Champions League Final Tactical Analysis: Victory lies between the lines

Brendon Netto analyzes where the Champions League final between Borussia Dortmund and Bayern Munich could be won or lost.
 Brendon Netto
 Analysis | Europe
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Behind the fanatic rivalry, sub-plots and engrossing transfer news that the Champions League final between Borussia Dortmund and Bayern Munich caters to, lies an intriguing tactical battle between these two juggernauts of German football. The two sides have played out some incredibly close encounters in recent years and this game may be one for the catalogues as well.

Both sides employ their own variants of the 4-2-3-1 system which means that the game is likely to be won or lost in those pockets of space ahead and behind the midfield. It’s been confirmed that Dortmund’s Bayern-bound prodigy is ruled out of the final owing to a muscle injury so Marco Reus will be the man to operate in behind Robert Lewandowski while Toni Kroos’ absence means Thomas Muller will take up a similar role for Bayern.

Marco Reus

Thomas Muller
The two attacking midfielders could play a big part


Reus and Muller have all the attributes to flourish in that attacking midfield role. Their link-up play is exceptional while they can seamlessly drift into wide positions and score goals as well. However, the one difference is that without possession, Bayern requires Muller to drop deep and hassle the opposing side’s distributor off the ball while Reus won’t do the same job.

Against Barcelona and Juventus, Muller’s dogged closing down of the likes of Sergio Busquets and Andrea Pirlo often stopped attacks at their roots. Even though Busquets isn’t a playmaker per se, he was normally the one who received the ball from the defense and fed it into the likes of Xavi Hernandez and Andres Iniesta.

What this did was it broke up the opposition’s build-up play and had them searching for different routes. This time around, Muller will probably find himself shadowing the impressive Ilkay Gundogan. A feature of Bayern’s success against Barcelona and Juventus was also the industry shown by their wide players. Franck Ribery and Arjen Robben are two of the most dangerous wingers when going forward but they both put in shifts against the Spanish and Italian giants.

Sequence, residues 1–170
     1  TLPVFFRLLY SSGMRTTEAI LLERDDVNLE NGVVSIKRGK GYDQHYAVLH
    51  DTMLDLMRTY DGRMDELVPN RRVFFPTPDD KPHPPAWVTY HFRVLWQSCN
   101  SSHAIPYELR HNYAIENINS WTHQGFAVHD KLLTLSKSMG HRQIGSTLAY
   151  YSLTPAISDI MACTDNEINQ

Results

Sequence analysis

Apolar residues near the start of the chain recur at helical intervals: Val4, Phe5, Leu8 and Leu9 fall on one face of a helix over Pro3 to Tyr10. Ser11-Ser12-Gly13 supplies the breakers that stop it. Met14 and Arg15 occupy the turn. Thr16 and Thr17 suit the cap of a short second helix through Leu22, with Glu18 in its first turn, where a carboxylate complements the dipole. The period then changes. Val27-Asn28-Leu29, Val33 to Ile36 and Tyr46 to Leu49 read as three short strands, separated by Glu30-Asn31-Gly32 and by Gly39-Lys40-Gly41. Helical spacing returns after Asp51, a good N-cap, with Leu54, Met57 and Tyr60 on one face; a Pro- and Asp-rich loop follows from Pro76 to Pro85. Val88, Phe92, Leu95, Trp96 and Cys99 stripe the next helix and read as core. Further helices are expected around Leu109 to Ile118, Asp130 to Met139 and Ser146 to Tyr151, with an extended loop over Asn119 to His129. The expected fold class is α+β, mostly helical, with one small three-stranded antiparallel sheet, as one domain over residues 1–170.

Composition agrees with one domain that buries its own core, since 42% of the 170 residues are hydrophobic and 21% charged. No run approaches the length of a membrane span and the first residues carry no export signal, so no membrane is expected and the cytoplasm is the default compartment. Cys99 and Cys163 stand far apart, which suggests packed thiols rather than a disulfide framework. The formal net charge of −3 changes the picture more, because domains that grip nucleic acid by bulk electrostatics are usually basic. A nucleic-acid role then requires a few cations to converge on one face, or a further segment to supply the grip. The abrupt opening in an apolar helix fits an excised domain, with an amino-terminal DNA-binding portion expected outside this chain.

On the other hand, Dortmund’s best route to goal may be on the counter-attack. While Kevin Großkreutz and Jakub Blaszczykowski are both hard workers, the system dictates that they don’t drop too deep and Reus won’t either. While that may leave them a little light at the back, it suits their policy of moving the ball swiftly and getting it from defense to attack in two or three passes.

Borussia Dortmund
Bayern Munich

Bayern’s approach is more composed as they keep the ball well and so a more compact and organized 4-4-1-1 formation suits them. Meanwhile, Dortmund’s method is more direct and relies on swift movements, hence a rather more stretched formation of a 4-2-3-1 where their players are more spread out works well.

The likes of Javi Martinez and Sven Bender will play key roles in between the lines as well. They could be responsible for picking up the opposing attacking midfielder. However, Bender may be the more burdened of the two midfielders. With Bayern being so compact and moving around the pitch as a unit, Martinez will have plenty of support. He can expect to see Robben and Ribery track back into full-back positions.

Sven Bender

Javi Martinez
The holding midfielders


Bender however, may only have his central midfield partner for support at times. If he drifts out to cover for a wide player, there’s the danger that Muller or perhaps a forward run of Bastian Schweinsteiger could exploit the gap he leaves in the middle. On the flipside, Dortmund would effectively maintain their threat on the counter which is perhaps their best chance given Bayern’s immaculate defensive record this season, highlighted by the fact that they never conceded in over 360 minutes against Juventus and Barcelona.

Individual battles may also prove to be crucial but given the system employed by the two sides, you can expect that what happens in those areas on either side of the midfield will play a part as well. Ultimately, it comes down to who holds their nerve, plays with heart and executes their own approach with precision. Both sides will know all about each other by now but when playing a cup final all bets are off and one or two tactical tweaks are but ordinary. So stay tuned!

Where do you think the final will be won or lost? Send in your thoughts in the comments below or discuss with the writer on Twitter @BrendonNetto.

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